The difficulties for SMEs in accessing financing is an ongoing issue, as banks balk at know-your-customer requirements or seek to reduce their lending in the face of lower returns.
This has implications all the way along the supply chain for large multinational organizations.
|Adesh Sarup, ANZ|
"Banks need to be working with the components of the chains, not just with the biggest parts, to fully service their clients.”
Traditionally, supporting suppliers was limited to offering products such as post-shipment finance. This type of financing works by providing funding against a shipment that has already been made. Exporters send the shipment before receiving the funds, with the guarantee that the funds will be deposited once proof is given that the goods have been received.
This works when the funds are needed to finance the export, but it is limiting for companies depending on funds to obtain or complete the goods to be sent.
Something as simple as having one such break in the supply chain can stop a multinational corporate from fulfilling its orders.
Corporates are looking for solutions to ensure that such avoidable incidents do not disrupt their business. The banks have to look out for their corporates, even if this means taking on some of the possible risks.
Sarup says: “The bank needs to shoulder some of the weight of risk to the corporates. The bank needs to do more than cover the depth and breadth of the chain, but also to operate effectively within the chain.”
Standard Chartered launched its 'banking the ecosystem' concept last September to establish the link between each end of the trade flow. The bank worked with its clients to understand how their supply chains are becoming more complex, and develop customized financing plans to meet their needs.
By banking the ecosystem, the bank is looking to its corporate client as being the guarantee of the worthiness of its suppliers down the chain. While they might not be the most enticing proposition on their own, when they form an essential part of a much bigger company’s business, they become an attractive proposal.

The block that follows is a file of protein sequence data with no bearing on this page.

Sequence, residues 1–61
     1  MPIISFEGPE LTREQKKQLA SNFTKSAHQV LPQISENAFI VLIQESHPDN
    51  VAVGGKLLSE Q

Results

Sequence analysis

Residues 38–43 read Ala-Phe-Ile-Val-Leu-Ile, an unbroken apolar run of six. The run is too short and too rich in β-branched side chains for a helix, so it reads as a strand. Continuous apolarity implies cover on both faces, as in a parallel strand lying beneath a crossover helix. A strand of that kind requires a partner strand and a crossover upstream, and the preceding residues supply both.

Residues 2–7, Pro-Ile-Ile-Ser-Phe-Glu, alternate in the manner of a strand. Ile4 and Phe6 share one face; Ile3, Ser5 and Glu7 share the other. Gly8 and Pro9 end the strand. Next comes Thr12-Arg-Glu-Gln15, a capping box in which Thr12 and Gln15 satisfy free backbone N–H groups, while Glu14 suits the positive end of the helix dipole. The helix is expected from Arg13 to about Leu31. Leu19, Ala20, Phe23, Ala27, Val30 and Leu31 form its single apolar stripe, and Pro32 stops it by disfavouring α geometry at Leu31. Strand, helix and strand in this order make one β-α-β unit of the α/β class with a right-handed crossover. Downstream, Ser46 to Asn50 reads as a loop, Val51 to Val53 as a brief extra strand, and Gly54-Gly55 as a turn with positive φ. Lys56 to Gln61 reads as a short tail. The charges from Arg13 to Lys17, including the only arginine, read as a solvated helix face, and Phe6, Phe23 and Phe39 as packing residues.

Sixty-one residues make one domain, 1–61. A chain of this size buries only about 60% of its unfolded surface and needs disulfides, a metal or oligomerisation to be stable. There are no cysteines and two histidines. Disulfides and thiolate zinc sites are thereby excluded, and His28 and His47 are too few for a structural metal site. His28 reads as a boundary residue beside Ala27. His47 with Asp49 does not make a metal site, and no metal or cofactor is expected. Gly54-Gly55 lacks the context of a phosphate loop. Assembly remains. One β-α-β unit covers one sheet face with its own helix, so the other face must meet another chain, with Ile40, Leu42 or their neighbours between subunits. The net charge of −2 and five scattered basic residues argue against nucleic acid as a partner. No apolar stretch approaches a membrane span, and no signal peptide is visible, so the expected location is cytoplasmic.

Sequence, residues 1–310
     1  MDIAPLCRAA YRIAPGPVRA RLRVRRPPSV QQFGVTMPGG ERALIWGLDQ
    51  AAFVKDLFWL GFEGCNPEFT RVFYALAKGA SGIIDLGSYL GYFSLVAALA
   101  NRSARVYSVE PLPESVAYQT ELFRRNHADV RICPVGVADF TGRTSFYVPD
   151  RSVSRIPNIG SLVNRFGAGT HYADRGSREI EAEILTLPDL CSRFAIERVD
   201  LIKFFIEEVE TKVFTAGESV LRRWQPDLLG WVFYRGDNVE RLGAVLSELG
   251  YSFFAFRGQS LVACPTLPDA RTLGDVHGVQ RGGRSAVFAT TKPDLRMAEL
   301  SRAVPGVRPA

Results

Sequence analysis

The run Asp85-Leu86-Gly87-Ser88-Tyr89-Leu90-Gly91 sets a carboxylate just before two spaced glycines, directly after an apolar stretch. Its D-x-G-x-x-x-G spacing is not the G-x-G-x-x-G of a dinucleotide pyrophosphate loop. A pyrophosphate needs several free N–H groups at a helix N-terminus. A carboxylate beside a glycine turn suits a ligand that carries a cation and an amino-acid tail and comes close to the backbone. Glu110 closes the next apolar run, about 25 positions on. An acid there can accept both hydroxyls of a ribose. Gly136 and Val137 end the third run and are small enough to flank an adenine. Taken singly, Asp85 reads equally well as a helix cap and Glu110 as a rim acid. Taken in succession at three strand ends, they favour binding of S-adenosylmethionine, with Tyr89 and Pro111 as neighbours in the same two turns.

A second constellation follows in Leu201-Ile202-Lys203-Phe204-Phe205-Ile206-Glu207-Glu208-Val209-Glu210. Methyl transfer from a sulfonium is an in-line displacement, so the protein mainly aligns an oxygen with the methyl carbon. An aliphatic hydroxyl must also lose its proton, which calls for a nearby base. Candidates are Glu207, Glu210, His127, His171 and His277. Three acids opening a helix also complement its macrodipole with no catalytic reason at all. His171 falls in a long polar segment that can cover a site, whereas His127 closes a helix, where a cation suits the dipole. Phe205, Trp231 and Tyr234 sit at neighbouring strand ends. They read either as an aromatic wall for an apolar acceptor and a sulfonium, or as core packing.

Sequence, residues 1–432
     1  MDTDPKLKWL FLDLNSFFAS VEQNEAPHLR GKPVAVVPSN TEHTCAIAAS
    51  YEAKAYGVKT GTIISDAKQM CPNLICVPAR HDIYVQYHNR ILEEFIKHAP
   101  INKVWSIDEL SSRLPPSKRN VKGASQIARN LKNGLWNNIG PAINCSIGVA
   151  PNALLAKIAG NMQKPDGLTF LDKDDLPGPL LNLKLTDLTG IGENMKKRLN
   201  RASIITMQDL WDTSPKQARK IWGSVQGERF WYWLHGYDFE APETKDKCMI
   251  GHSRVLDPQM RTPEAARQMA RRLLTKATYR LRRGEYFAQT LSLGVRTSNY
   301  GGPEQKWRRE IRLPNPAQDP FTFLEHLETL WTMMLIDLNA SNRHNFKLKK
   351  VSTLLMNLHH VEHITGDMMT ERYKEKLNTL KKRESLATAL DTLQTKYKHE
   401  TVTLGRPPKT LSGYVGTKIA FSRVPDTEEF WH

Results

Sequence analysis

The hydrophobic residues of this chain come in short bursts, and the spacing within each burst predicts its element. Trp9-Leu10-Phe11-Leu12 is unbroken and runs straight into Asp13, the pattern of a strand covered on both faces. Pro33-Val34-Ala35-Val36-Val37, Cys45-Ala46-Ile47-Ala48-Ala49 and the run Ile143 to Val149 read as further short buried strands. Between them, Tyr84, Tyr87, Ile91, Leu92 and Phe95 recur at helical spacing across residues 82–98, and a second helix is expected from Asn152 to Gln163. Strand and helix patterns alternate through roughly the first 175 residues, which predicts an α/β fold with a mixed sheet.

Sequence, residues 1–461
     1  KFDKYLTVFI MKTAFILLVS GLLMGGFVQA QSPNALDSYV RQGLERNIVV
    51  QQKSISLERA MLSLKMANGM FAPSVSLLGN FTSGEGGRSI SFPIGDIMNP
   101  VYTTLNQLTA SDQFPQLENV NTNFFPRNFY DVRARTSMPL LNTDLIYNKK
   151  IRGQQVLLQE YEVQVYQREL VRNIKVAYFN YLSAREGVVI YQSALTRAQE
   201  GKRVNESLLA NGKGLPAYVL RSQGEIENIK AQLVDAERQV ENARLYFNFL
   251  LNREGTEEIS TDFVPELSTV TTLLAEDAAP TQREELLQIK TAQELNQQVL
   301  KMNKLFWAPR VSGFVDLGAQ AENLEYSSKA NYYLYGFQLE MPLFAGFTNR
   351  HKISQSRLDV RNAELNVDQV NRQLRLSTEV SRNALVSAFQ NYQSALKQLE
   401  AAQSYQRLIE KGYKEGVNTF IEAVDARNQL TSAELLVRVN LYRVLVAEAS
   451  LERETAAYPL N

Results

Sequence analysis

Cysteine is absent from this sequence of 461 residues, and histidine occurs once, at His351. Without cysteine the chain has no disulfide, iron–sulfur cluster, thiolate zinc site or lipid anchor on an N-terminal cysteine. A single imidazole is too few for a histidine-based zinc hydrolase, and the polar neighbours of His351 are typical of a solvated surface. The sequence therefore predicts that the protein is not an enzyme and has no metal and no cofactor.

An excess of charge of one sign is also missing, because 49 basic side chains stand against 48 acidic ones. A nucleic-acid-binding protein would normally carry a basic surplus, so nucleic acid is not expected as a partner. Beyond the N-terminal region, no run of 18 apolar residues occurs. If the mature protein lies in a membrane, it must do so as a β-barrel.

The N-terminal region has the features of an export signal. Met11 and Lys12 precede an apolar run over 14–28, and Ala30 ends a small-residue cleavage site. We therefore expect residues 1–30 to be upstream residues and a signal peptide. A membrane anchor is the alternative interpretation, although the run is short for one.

And for banks that are trying to keep hold of their clients in a competitive business, having this level of trust can guarantee that they remain on their clients’ books.
Alex Manson, global head of transaction banking at Standard Chartered, says it is no small feat to cover a whole supply chain, adding: “Banking the ecosystem is a huge but valuable undertaking. Working with some of our largest corporate clients, we on-boarded over 1,000 suppliers and buyers so far this year.”
He says that although it is a complex offering, there has been a strong take-up, particularly for the bank’s clients based in Asia.
“The offering goes beyond simply providing supply chain finance and the process has to be fast as well as scalable,” says Manson.
There is undoubted benefit to the bank to have an overview on the full length of the chain, and the business resulting from it. In markets where growth is slow or where stagnant interest rates have slowed the rate of return, looking down the supply chain could bring about returns without additional risk.
If every supplier in the chain can benefit from having the assistance of its largest buyer, it secures the flow of business and ensures continued business for the bank.
A notable way to make the flows meet speed and scalability criteria is through digitization of information. This is another reason why Asian markets have been so receptive to the banking-the-ecosystem concept.
Manson says: “Digitization has happened readily in Asia because of the existing digital mindset and the level of comfort with mobile channels.”
The outcome is a wealth of information that corporates previously have not had access to.
“The real potential comes from what we can do with the data," says Manson. "Banking the ecosystem is a powerful proposition for a company to understand each step of its supply chain and, more importantly, the physical, financial and informational flows of the business.”